At least something to consider.


This is a tremendous idea, just on G.P… Though I spend some time on Windows, I’m not a powershell user, because I find the standard command line easier and PS messes me up badly when using the terminal in VS Code. However, this is a game-changer, or would be if I could find out where the PSWriteOffice module got installed on my Mac M1.

I know PS is installed in my /usr/local/microsoft/powershell/7 directory (as well as an app in the Applications directory, for whatever reason), but I don’t see PSWriteOffice in that directory or the subsidiary Modules directory.

I installed PSWriteOffice via PS:
Install-Module -Name PSWriteOffice -RequiredVersion 0.0.2
It seemed to install, no error, but no confirm either. It is definitely not as straightforward, hierarchy-wise, as on the PC.

It’s my understanding that PowerShell accesses Excel and Word through COM, so that might be a dealbreaker right there on the Mac (or Linux). I don’t know if you have any ideas about this.

Anyway, I can’t try the import because I don’t know where the PSWriteOffice module is, but if I find it, I’ll let you know how it goes.

Just interfacing Xojo with Powershell in general is a great idea, since I won’t have to change paths and terminal shells between operating systems if I just include Powershell. It is worth considering, however, that just because PS is cross-platform, it might not have the same skill set on every platform. I didn’t specifically see anything that advertised PSWriteOffice as cross-platform, though I assume you know more about it than I do.

Thank you very much for this cool idea.

Although that requires Excel to be installed on the device, which may or may not be the case. And does not make it “free” if not. However in a known environment, that may be a viable option too. When just reading the contents, or writing out a spreadsheet instead of report or PDF, the plugin approach has its virtues too.

As always, the more tools in the proverbial toolbox the less everything looks like a nail.

@Douglas_Handy @friedrich_boettger, the solution does not require Excel to be installed on the device. I even use the solution on a Linux webserver to process Excel files uploaded by users.


It’s my understanding that PowerShell accesses Excel and Word through COM, so that might be a dealbreaker right there on the Mac (or Linux). I don’t know if you have any ideas about this.

In normal circumstances that is correct, however there are emerging cross-platform libraries such as PSWriteOffice that break that dependency.

I also do some development in LiveCode that has a paid third party Excel library free of the dependency on an installed version of Excel, Word or Office, which is extremely fast.

If I can manage some free time, I’ll try and post a small tutorial.

Kind regards, Andrew

If you have a question for MBS Plugin, please let me know.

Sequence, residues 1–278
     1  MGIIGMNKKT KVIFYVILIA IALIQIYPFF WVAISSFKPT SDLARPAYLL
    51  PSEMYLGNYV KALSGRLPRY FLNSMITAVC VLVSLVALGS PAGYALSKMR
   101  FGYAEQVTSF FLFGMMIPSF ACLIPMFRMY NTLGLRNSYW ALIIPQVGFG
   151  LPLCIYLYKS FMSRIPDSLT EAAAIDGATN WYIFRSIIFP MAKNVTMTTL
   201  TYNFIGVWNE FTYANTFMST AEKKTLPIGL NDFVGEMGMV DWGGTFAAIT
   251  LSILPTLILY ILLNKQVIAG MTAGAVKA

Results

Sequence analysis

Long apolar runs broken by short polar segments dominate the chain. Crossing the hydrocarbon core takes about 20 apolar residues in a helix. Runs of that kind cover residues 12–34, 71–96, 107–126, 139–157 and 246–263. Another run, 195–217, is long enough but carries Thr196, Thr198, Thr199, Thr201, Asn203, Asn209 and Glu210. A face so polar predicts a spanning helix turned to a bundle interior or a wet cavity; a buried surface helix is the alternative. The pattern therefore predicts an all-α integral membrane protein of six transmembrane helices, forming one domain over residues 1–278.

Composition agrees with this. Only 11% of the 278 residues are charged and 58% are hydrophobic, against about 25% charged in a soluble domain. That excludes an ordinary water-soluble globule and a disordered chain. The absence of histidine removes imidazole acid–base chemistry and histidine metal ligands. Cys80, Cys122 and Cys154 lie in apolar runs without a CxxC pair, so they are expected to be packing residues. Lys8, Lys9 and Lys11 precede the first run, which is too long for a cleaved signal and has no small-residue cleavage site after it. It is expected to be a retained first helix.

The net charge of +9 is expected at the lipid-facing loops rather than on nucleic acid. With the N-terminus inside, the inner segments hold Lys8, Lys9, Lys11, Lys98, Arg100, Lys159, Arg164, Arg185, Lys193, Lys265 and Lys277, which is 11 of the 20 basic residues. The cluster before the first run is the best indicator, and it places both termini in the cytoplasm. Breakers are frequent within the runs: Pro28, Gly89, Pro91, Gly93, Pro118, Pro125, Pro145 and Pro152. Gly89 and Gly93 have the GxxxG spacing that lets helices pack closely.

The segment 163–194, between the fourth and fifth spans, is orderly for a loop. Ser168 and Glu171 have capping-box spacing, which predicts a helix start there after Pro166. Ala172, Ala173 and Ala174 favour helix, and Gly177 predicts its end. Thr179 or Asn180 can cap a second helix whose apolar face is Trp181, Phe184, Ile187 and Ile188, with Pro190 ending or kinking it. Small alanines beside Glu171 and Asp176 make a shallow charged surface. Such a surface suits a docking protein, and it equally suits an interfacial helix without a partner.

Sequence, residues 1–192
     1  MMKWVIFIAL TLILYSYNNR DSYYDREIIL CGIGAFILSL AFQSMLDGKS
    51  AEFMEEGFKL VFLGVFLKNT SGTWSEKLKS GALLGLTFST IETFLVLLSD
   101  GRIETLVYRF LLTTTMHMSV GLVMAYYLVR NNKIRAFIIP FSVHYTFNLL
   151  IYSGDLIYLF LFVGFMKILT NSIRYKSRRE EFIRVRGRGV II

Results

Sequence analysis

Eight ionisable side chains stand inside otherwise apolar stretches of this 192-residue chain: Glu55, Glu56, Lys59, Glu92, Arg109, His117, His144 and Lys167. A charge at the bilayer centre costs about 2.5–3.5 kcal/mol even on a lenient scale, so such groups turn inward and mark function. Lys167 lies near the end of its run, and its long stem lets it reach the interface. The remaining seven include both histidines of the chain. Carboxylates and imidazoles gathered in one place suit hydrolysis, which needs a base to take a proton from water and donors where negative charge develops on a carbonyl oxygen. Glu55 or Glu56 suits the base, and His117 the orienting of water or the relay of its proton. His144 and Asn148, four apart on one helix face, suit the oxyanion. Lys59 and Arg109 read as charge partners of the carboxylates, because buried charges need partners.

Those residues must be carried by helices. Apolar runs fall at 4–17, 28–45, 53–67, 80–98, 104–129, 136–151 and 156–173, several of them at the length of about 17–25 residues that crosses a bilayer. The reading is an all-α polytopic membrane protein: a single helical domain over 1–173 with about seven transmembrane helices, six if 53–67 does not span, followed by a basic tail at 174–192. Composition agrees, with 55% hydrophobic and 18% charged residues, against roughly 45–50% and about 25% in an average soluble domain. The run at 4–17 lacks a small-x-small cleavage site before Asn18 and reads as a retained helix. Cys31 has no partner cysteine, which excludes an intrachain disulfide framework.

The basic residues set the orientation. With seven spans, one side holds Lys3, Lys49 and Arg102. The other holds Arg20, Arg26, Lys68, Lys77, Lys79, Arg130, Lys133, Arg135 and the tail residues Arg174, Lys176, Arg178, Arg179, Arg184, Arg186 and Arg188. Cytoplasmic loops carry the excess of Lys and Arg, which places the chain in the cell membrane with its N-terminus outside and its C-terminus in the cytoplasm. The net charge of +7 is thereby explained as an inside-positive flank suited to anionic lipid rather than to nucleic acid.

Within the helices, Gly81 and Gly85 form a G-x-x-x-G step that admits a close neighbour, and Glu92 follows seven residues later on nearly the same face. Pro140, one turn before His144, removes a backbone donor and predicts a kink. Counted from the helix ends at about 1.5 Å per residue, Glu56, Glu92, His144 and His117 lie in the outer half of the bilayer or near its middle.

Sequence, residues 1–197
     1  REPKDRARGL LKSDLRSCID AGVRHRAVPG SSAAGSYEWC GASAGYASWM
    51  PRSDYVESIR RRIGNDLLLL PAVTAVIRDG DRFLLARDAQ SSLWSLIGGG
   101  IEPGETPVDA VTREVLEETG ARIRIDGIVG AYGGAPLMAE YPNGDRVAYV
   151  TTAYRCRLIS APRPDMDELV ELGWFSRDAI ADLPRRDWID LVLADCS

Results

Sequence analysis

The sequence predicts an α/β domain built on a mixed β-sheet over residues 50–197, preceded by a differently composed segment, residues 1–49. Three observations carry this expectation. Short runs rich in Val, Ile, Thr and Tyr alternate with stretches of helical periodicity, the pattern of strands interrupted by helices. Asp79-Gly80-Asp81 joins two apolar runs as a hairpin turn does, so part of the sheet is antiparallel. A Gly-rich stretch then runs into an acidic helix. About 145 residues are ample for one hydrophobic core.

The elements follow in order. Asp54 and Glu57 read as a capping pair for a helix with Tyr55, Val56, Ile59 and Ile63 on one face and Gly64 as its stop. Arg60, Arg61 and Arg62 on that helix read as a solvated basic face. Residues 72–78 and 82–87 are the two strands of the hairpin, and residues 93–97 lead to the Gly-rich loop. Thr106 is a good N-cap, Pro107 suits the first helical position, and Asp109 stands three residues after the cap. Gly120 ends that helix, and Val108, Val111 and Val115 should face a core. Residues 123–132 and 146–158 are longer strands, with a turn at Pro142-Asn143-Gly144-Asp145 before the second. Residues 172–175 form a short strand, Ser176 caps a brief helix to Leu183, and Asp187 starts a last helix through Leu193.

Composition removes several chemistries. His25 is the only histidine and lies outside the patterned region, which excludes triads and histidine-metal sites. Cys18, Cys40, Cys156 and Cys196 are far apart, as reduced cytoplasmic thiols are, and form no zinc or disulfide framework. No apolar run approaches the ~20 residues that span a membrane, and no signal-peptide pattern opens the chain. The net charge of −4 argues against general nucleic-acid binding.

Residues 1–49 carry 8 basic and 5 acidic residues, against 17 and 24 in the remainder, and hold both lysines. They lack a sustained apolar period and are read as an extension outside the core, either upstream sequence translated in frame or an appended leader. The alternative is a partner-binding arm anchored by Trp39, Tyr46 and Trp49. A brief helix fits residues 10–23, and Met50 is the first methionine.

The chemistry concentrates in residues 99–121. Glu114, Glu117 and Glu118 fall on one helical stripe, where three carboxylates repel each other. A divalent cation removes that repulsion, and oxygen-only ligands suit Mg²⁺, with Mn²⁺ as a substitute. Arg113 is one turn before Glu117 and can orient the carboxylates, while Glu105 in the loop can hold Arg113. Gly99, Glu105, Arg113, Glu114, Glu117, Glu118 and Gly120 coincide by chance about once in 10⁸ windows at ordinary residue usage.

We had our self written classes 10 years ago. But then people asked for more and more features, so I switched to use libXL. While it is an extra purchase on our website, you can do a lot of things there. For our plugin license, you can get it with OmegaBundle of a few more days.

Björn also has a plugin and so you have two choices. In general we appreciate if you guys just buy both plugin packs, MBS and Einhugur.

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I’ve thrown together an app or two in LiveCode also. It’s a great IDE and a fun language, but when they went subscription I stopped serious development. Then when they bifurcated their product into 12 different tiers, I thought they must have hired some marketing guys from Adobe. This was too rich for my blood.

I am anxious to try your solution, but as I say I can’t even get it installed (though PS on the Mac seems to work just fine). Regardless, Christian Schmidt–always a source of good advice whether he’s pushing MBS or not-- did point out that I still have a couple days left for the Omega Bundle. It seems like hitting an ant with a sledgehammer at this point, but on the other hand I might just need that sledgehammer down the road.

I’m glad to see that LiveCode has retained some good developers. They are awfully nice people and the support is (or was) top notch.




All the rest of the people I’ve asked seem to be echoing your sentiments, so either you and Bjorn are giving them a commission or I should (eventually anyway) get both products. Your mention of the OmegaBundle is timely. I have a couple days left to spend every extra cent I have on something I don’t strictly need, but on the other hand I know I’ll have years of fun with it and besides I just bought myself an Ovation guitar a couple months ago and I didn’t have the extra money for that either. And I don’t regret it, even though I’ve only played out with it in bluegrass jams. I consider it an investment. Whether I’m kidding myself or not, only time will tell.

Just so everybody knows, the Omega bundle not only offers the MBS plugins, but the MBS database driver/connectors (for multiple databases, including a souped-up one for Sqlite) as well

Thank you as always,

The advantage of LibXL(MBS Plugins) is that we can create or read XL files without having Excel installed, and this works on macOS, Windows and Linux.

The drawback is that the LibXL library has to be licensed separately for each target operating system. And if we need to renew these licenses each year, this adds quite a bit up to all other annual license and abo cost.